Devine Intervention
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Devine Intervention

3.37 (724 ratings by Goodreads)
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Description

This is not that story. Jerome Hancock is Heidi Devine's guardian angel. Sort of. He's more of an angel trainee, in heaven's soul-rehabilitation program for wayward teens. And he's just about to get kicked out for having too many absences and for violating too many of the Ten Commandments for the Dead. Heidi, meanwhile, is a high school junior who dreams of being an artist, but has been drafted onto her basketball team because she's taller than many a grown man. For as long as she can remember, she's heard a voice in her head - one that sings Lynyrd Skynyrd, offers up bad advice, and yet is company during those hours she feels most alone. When the unthinkable happens, these two lost souls must figure out where they went wrong and whether they can make things right before Heidi's time is up and her soul is lost forever. Martha Brockenbrough's debut novel is hilarious, heartbreaking, and hopeful, with a sense of humor that's wicked as hell, and writing that's just heavenly.show more

Product details

  • 12-17
  • Hardback | 297 pages
  • 134.62 x 213.36 x 30.48mm | 439.98g
  • Scholastic US
  • New York, United States
  • English
  • 0545382130
  • 9780545382137
  • 781,716

About Martha Brockenbrough

Martha Brockenbrough is the author of two books for adults and five books for young readers, including The Game of Love and Death, which earned four starred reviews and was a Kirkus Prize finalist, Devine Intervention, and The Dinosaur Tooth Fairy. She lives in Seattle, Washington, with her husband and their two daughters. Visit her online at marthabrockenbrough.com.show more

Review quote

Review: 'Devine Intervention' shows there's life in afterlifeMartha Brockenbrough's young adult debut is a snarky but sweet tale of teen angels in training. By Susan Carpenter, Los Angeles Times June 11, 2012 In Martha Brockenbrough's heaven, old people show too much leg playing leap frog, and the church choir covers classic rock. Clearly, Brockenbrough is not a follower of the New Testament. That's good news for heathen readers who will delight in the author's absurdist take on the after life in her devilishly riotous young adult debut, \u0022Devine Intervention.\u0022 Steeped in the heavenly tropes of guardian angels and lost souls, \u0022Devine Intervention\u0022 is a satire in the vein of Libba Bray's \u0022Beauty Queens, \u0022 only with a decidedly sacrilegious twist. It opens with a page from a handbook that is sent, upon death, to select members of SRPNT the Soul Rehab Program for Nefarious Teens (Deceased) in an effort to combat the \u0022growing problem of crowding in the lower levels of Hell.\u0022 One of those teens is a 17-year-old named Jerome, who had the misfortune of being punctured in the forehead by a friend's wayward arrow and finds himself at the pearly gates that are festooned with motivational posters and guarded by a man with \u0022a mustache the size of a harmonica.\u0022 Jerome reacts as any dead teen would when denied immediate entrance and given specific rules to follow to reclaim his soul. He misplaces the handbook and proceeds to violate its Ten Commandments for the Dead. Among his soul rehab assignments was playing guardian angel to 16-year-old Heidi, but the one time he was really needed, Jerome was too busy yukking it up with a fellow SRPNT member to prevent Heidi from walking across a frozen pond and falling through the ice to her death. Now Heidi and Jerome are both in soul limbo. The two are quite the odd couple. Heidi is a \u0022not hot ... cross-dressing lumberjack, \u0022 according to one of the book's uncharitable bit players. Jerome is a sexually frustrated virgin. But in death, their relationship is like an old marriage more familiar than romantic, as well as conflicted, especially once Heidi realizes Jerome may have jeopardized her soul through sheer laziness. They do have one thing in common that's likely to resonate with the book's intended audience. Neither Jerome nor Heidi felt loved by friends or family or were especially true to themselves when living. Death allows them to witness loved ones from another plane like a scene from Charles Dickens' \u0022A Christmas Carol.\u0022 Seeing others grieve their absence builds the self esteem of these troubled souls and brings some emotional heft to a story where comedy dominates. \u0022Devine Intervention\u0022 is told in chapters that volley between a third-person perspective on Heidi and first-person narratives about Jerome. While both perspectives are written with searingly inventive humor, it's Jerome's voice that will have readers flipping pages as quickly as they can turn them to see what he'll have to say next. Brockenbrough is a gifted writer who finds amusement in focusing on life's minutiae and who captures the slow-mo drama with which teens experience them, such as the time when Heidi's \u0022tongue felt like a lump of nasty cotton living in the armpit of a bum who has an apartment at the dump and not even the good kind of dump with busted car parts. The kind with fish heads ... and old transvestite wigs.\u0022 It is a pleasure to read a writer who so delights in language, and who writes so captivatingly in a teen voice with such imaginative description. The story isn't without its flaws, however. The timeline of certain scenes is confusing, including the lead-up to the book's conclusion, which sees Heidi's fading soul morph in and out of a dog's body. But for readers who appreciate an apocryp"show more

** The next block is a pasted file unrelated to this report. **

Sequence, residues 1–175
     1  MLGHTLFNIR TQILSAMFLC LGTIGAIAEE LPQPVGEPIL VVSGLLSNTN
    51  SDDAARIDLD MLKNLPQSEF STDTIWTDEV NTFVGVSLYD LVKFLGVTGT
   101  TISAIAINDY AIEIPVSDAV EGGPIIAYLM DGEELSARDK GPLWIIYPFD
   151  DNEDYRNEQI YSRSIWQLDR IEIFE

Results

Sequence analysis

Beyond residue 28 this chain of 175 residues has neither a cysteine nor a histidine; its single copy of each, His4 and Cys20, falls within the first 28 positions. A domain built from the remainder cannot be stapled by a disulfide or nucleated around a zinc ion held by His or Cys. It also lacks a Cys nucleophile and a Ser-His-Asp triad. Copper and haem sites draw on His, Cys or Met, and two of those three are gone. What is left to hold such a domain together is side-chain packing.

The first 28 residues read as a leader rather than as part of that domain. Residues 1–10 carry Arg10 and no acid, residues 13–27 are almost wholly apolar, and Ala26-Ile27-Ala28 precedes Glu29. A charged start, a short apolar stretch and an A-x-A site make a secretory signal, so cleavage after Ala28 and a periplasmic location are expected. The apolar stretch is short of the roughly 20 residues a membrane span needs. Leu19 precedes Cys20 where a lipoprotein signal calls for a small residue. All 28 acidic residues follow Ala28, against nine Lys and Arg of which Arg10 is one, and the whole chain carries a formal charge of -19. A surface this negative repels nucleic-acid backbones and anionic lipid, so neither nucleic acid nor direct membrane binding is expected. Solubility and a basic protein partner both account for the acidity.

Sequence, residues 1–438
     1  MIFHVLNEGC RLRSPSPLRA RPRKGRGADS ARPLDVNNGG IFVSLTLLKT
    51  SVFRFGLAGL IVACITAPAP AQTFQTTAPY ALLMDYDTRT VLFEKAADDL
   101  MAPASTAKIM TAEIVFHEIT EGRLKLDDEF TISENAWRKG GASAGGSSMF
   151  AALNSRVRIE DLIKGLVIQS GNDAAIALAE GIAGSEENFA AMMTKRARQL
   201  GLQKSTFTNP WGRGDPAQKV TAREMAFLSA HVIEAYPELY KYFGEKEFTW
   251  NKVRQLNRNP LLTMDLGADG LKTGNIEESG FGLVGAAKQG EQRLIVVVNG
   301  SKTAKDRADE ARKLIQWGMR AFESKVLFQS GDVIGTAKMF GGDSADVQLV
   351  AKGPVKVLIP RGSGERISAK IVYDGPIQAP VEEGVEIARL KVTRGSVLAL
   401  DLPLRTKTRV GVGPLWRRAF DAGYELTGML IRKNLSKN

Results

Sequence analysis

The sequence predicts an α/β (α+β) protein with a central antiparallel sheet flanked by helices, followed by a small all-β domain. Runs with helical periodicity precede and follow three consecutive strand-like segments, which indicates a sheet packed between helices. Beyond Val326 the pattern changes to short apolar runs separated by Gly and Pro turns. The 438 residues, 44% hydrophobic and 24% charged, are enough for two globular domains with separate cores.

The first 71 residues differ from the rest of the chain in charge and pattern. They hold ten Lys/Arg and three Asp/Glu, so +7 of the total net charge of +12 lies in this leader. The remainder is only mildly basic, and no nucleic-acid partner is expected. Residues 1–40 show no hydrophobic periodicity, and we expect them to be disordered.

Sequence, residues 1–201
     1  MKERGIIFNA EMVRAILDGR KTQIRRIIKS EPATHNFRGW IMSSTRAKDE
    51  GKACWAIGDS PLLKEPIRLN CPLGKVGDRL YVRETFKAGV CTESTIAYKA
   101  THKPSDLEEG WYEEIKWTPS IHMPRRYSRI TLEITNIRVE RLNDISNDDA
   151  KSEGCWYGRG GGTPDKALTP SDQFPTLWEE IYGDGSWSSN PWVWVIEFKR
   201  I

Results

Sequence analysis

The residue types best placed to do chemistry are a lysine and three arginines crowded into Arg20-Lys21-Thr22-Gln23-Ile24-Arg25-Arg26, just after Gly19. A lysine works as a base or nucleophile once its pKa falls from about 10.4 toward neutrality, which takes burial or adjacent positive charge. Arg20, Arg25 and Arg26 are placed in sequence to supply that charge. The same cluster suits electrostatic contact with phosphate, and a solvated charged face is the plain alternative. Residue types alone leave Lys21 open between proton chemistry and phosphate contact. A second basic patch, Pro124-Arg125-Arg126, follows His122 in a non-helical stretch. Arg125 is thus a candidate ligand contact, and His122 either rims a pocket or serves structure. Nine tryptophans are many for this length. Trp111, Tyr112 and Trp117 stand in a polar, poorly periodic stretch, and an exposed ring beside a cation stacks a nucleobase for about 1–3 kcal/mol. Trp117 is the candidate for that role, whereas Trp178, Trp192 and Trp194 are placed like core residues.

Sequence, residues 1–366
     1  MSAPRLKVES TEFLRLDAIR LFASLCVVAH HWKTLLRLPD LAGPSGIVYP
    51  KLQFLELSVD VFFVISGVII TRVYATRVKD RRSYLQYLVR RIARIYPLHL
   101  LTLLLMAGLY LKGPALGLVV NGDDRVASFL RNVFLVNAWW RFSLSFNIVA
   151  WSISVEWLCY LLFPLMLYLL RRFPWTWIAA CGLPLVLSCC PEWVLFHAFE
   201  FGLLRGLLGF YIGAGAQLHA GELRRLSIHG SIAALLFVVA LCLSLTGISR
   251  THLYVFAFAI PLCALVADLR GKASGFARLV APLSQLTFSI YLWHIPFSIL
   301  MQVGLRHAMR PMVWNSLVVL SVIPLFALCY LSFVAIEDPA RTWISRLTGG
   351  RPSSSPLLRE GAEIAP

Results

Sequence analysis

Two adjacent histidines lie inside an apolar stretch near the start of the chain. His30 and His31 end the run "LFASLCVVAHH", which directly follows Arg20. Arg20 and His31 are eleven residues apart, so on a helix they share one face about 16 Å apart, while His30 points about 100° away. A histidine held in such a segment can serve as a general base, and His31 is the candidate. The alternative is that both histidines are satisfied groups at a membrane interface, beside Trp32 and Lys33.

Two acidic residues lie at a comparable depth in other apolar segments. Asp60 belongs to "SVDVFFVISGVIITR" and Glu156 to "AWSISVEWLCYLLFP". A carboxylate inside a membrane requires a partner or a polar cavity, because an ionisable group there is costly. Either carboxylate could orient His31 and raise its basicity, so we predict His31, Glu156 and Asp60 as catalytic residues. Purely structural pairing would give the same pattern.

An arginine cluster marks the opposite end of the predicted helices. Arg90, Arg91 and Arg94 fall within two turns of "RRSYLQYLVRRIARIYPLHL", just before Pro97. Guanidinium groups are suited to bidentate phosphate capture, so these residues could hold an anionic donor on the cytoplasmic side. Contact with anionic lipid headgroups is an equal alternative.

Rating details

724 ratings
3.37 out of 5 stars
5 21% (149)
4 25% (181)
3 32% (233)
2 16% (115)
1 6% (46)
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